TITLE: HOW TO STEAL A DEMIGOD
GENRE: Literary Fantasy
“Hey, Rat Girl,” Minos sneered, pointing his chin in Crea’s direction. “Think you can scamper up there?”
Crea shook her head in annoyance. No one else spoke. As the foursome stared across the expanse below them to the stony eminence, Crea was sure they looked like dazed fools, gaping with open mouths. But tearing her eyes from the grim structure would have been as easy as keeping moths from being drawn to a lamp. Though she hadn’t intended her gesture to be an answer, there was only one coherent thought in her mind: surely their task was impossible.
The fortress was more mountain or mesa than man-made edifice. Only a few shades grayer and darker than the landscape around it, it could have passed for a rocky plateau. Yet the lofty summit had a nearly flawless rectangular geometry, etched against the cerulean blue of the midsummer sky. Numerous small but clearly visible features confirmed it was built by human hands: windows and ledges, grids of perfectly aligned brick work, and squat square towers jutting cautiously out into space as if clinging to the vertical wall in fear of the great height.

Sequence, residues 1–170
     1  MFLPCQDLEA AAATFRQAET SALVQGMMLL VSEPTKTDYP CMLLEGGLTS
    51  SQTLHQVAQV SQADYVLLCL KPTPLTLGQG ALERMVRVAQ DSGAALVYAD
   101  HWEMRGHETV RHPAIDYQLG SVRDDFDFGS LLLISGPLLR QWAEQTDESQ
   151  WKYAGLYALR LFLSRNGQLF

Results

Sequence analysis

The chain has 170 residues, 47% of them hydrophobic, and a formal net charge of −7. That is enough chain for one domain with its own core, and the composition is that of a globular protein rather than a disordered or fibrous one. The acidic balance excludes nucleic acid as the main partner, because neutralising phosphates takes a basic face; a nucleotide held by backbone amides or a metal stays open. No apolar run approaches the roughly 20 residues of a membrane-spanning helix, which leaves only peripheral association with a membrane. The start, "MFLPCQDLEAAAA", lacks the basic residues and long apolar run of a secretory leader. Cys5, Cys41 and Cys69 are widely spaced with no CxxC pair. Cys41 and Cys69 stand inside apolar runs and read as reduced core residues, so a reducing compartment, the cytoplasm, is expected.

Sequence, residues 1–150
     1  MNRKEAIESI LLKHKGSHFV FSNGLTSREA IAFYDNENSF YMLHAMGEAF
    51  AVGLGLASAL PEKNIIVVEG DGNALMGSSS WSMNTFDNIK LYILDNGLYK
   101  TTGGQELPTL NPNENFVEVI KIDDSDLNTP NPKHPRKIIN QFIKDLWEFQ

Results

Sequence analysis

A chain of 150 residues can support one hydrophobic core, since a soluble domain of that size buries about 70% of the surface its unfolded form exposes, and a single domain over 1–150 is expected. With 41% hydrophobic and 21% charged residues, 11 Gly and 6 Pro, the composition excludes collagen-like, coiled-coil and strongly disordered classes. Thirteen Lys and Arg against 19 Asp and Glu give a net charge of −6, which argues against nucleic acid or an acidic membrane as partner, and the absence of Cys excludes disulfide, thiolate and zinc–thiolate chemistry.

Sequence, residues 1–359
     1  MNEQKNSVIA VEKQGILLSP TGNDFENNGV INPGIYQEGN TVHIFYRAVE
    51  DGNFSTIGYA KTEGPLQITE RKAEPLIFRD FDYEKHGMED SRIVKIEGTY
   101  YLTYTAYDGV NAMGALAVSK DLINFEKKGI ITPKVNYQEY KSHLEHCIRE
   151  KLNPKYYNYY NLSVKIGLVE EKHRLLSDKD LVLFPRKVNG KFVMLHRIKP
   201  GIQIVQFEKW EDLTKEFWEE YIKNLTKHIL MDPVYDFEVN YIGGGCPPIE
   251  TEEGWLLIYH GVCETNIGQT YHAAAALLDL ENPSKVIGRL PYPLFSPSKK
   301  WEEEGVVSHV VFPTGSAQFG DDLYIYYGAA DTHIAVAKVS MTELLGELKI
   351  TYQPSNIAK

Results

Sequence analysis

The man-made part was built on top of an escarpment formed by no lesser beings than the gods. Even after taking that into consideration, it was staggering to imagine humans constructing such a towering, unwholesome place; Crea wondered what sort of people would be compelled to do such a thing. From where she and the three men had paused, hunkering down amid a cluster of boulders on the steep hillside, the top appeared well above their current altitude, and they still had some distance to descend before reaching the level ground that stretched between them and the base of the fortress.
“Oh, ye gods!” Crea muttered. “There’s no way we’ll ever get in there. They were crazy to send us.” She glanced at her companions to see them all shaking their heads.
“First off,” Lamad said, “How do we even get near the place? They must have lookouts or guards in all those little windows up there, those turrets. They’ve probably seen us already.” He gestured down at the open expanse sparsely carpeted with scrawny tufts of yellow grass and dotted with occasional gray-green shrubs no more than a foot high. “There’s no way to get within a mile of that hill without being seen . . . No doubt that was the point.”
“Of course,” Jafsa growled.
The four of them fell back into silence. In spite of the bright sky above it, the vision looming in front of them made Crea think of a wall in a nightmare that extends infinitely up into dark space, blocking the only escape. The prospect of approaching it and trying to get inside—if it were even physically possible—filled her with a dreamlike chill of horror.
After a moment Minos said, “Perhaps they just wanted to be rid of us and knew we had no chance of getting in there alive.”